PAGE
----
Over the years, he outfitted the place with state-of-the-art screen, audio and projection equipment. A few years ago he added an annex down the block, a cozy 85-seat screening room built into the space of an abandoned card shop.

    The top-notch equipment has turned the Lorraine into a hidden gem of rural Illinois. It has become a magnet for cinephiles who think nothing of driving dozens of miles to Hoopeston to see blockbusters they could see at the multiplex closer to home.

    Boardman lives in the foothills of the Sierras near Yosemite National Park but relies on the Internet to book the movies and handle accounts for both the Lorraine and the Art Theatre in Champaign, which he also bought and restored.

    In a business dominated by nationwide chains, Boardman is a small fry. But he said that keeps the business fun and gives him the freedom to do what he wants--including taking his screens dark if he feels like it.

    "I can do big promotions, I can fly back there anytime I want and show any movie I want," he said. "How many people can say they have their own movie theater and can do that?"
  3. pallister

    pallister Guest

    If the guy running the theater can afford it, more power to him. And big deal if the movies close for a period of time. It's not like it's a hospital or something.
  4. Chi City 81

    Chi City 81 Guest

    Notice the smiley face, pallister. I thought it was funny, nothing more.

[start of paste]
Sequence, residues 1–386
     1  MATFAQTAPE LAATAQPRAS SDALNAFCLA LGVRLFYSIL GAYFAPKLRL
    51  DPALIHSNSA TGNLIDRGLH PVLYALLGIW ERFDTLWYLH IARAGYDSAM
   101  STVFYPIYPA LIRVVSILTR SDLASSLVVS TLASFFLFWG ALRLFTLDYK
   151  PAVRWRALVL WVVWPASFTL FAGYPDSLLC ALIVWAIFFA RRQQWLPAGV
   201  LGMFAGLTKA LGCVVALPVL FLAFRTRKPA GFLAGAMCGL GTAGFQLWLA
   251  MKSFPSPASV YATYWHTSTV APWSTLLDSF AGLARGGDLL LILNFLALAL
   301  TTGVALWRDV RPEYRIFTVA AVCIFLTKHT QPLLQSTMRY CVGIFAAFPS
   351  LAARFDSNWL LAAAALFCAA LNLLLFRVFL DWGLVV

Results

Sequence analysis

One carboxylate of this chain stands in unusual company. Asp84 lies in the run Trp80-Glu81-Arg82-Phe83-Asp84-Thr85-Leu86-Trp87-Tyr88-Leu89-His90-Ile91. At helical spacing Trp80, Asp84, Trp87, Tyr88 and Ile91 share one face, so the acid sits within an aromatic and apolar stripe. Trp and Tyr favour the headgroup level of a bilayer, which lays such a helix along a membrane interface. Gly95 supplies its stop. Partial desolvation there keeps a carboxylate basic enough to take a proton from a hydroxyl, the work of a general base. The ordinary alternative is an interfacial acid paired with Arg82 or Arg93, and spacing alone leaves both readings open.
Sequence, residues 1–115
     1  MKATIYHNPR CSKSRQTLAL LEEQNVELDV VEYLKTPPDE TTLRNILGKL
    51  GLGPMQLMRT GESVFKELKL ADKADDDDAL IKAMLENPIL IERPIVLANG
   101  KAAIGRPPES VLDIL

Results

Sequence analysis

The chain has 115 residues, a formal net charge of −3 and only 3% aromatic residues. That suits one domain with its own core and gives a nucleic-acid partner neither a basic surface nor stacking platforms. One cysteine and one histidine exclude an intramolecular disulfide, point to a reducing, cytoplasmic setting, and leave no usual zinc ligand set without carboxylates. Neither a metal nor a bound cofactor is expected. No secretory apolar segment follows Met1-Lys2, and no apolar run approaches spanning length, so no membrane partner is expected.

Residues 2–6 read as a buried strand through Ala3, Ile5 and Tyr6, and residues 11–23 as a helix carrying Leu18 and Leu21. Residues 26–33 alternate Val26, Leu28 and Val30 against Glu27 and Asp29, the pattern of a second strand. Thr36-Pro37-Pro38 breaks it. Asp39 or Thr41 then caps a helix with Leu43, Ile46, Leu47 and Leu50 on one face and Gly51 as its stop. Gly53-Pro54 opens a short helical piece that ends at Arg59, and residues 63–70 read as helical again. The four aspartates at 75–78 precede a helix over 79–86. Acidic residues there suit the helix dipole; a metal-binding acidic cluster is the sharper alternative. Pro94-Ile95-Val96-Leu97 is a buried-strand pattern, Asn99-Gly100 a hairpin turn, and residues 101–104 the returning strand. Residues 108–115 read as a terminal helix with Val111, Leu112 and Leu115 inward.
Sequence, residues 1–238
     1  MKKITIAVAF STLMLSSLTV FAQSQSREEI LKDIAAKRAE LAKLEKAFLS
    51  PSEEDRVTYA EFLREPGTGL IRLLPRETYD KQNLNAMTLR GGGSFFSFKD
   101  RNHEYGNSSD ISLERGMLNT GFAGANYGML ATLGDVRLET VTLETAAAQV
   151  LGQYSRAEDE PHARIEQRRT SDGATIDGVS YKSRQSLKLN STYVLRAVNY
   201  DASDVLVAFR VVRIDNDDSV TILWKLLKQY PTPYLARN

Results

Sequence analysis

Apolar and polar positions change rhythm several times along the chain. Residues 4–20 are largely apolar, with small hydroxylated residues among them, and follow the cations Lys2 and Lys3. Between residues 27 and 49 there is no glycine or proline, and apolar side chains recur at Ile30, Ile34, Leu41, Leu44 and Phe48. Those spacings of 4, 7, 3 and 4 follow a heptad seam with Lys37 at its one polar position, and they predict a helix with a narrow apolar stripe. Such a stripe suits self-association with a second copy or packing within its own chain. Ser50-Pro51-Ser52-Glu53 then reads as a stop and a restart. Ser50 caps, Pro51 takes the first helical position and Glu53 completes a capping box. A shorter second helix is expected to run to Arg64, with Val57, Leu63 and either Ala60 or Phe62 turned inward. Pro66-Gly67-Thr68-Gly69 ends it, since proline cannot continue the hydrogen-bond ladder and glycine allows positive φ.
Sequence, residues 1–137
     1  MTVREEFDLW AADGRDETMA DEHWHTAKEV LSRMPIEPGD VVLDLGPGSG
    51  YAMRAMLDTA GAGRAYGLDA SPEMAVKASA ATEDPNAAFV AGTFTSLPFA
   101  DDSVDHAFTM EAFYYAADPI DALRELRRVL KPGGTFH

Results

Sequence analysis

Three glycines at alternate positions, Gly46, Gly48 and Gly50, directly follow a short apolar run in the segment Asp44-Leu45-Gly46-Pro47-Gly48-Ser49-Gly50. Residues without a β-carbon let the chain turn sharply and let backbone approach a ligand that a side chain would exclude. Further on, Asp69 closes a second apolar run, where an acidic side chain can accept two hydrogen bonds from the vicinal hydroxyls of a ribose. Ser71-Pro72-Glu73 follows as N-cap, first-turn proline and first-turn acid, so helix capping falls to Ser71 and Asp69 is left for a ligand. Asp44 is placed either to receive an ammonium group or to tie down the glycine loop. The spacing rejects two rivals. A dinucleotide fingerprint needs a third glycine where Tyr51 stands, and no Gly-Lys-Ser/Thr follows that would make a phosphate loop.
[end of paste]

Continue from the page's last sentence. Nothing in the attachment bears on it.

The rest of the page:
5. Ace

    Ace Well-Known Member

    To be fair, I thought Jackass 2 was getting some pretty decent reviews. (Not that it's great cinema or anything)
  6. joe

    joe Active Member

    That's Verm County for you.
  7. pallister

    pallister Guest


    I agree that it's funny, especially the implication that without the movies, the townsfolk would somehow be unable to pass the time.

    They can always jerk corn, right?
  8. farmerjerome

    farmerjerome Active Member

    Dammit! Where am I going to see Jackass 2 now?
  9. pallister

    pallister Guest

  10. Bubbler

    Bubbler Well-Known Member

    Or better still, drive to Chicago to see Jackass 2. That way you won't be seeing Jackass 2 in the ass crack of Illinois.
  11. Human_Paraquat

    Human_Paraquat Well-Known Member

    The Lorraine actually is a great little theater. It has a big main room with high ceilings and a balcony, so you get that old-time movie house feel. But because of that sound system, whenever there's a big sci-fi or action movie (Star Wars, Lord of the Rings, etc.) nerds and dweebs from Champaign to Lafayette swarm in. (Myself occasionally included — saw the re-release of the original Star Wars there on one of those midnight first-showing deals.)

    I thought I'd heard Boardman was in the process of selling the place. It'd be a shame if Hoopeston lost the theater, because as this story intimates, there's not much reason to be in central Illinois east of Champaign.
  12. Chi City 81

    Chi City 81 Guest

    You're right. About the only semblance of civilization east of Champaign is in the Charleston-Mattoon area.